“It’s weird to be here, man, because I can’t help but think of my school cotillion, which was held in this very room,” said Hollywood native Jeff Bridges, looking around the main ballroom Monday at the Beverly Wilshire Hotel in Los Angeles.
While Bridges reflected on old memories of the historic ballroom, new ones were being made by winners of the 16th annual Movies for Grownups Awards.
Collecting his best supporting actor award for Hell or High Water, the 67-year-old star was among more than 350 guests who celebrated the 2016 movies that most appealed to a grownup audience.
Even current Oscar nominee Justin Timberlake, 36, on hand to honor Eight Days a Week, a documentary about the Beatles’ touring years, seemed overwhelmed by the assemblage of Hollywood royalty.
“I look around this room and I see a ton of my idols,” said the singer-actor,who was nominated for an Academy Award in the best original song category. “And I also think to myself: You’re probably saying, ‘What Justin is that?’ It’s Timberlake. Justin Timberlake!”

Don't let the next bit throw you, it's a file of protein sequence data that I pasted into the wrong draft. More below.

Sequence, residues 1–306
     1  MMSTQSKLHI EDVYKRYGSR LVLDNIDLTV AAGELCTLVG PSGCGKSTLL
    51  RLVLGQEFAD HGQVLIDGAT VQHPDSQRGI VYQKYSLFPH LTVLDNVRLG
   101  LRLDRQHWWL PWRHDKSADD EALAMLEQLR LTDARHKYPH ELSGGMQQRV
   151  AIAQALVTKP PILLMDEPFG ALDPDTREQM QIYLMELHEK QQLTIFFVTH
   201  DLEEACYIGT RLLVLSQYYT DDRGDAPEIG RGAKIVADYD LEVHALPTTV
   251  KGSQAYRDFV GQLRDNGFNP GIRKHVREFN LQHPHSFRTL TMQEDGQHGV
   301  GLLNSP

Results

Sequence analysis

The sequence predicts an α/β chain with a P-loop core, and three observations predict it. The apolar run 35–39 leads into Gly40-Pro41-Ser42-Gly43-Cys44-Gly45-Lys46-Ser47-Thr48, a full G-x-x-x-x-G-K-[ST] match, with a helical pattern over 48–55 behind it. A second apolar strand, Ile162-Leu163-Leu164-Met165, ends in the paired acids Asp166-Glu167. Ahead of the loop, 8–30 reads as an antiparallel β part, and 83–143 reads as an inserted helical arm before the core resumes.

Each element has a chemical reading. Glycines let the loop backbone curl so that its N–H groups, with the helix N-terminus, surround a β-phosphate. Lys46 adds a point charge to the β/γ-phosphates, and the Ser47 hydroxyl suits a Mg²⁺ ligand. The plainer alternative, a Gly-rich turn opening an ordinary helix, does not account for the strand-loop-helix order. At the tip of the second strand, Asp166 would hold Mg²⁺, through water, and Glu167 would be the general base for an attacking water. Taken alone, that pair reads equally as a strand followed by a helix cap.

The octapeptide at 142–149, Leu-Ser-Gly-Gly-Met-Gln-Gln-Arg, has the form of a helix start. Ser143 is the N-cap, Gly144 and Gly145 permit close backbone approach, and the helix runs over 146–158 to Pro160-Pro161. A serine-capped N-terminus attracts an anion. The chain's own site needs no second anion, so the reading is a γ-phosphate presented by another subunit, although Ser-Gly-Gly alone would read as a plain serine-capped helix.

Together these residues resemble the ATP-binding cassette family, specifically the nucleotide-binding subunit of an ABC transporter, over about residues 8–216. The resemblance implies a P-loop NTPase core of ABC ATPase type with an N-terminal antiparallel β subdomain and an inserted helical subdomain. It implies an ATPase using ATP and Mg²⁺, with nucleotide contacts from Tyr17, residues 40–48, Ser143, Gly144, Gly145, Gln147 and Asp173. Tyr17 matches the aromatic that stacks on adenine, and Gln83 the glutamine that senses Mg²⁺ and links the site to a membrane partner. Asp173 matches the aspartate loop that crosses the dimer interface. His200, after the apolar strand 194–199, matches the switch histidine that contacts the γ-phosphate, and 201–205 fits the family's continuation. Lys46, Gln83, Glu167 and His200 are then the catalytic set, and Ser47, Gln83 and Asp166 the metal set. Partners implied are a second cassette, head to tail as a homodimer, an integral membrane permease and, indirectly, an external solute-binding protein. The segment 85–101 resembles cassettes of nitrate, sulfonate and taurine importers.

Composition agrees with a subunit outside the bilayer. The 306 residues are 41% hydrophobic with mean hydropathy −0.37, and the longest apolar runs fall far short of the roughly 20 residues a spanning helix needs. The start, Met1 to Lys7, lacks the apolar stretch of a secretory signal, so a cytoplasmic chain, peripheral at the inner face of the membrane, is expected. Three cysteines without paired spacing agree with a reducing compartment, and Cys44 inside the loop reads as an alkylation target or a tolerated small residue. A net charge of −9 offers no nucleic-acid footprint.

Another current Oscar nominee, Ruth Negga, accepted the best movie for grownups award on behalf of Loving, based on the true story of the Virginia couple whose interracial marriage landed them before the U.S. Supreme Court.
“They were pioneers," N egga said . “They fought for love.”
Hot in Cleveland star Wendie Malick, who presented the best grownup love story award to The Hollars, starring Margo Martindale and Richard Jenkins, reflected on the perspective that comes with years of experience.
“Actors not only get better with age, but they also become more humble,” she observed. “You acknowledge, ‘OK, I’m in my third act now,’ and that helps you realize this is go time: I’d better spend my time doing things I love with the people I love.”
Martindale, who also hosted the evening, agreed.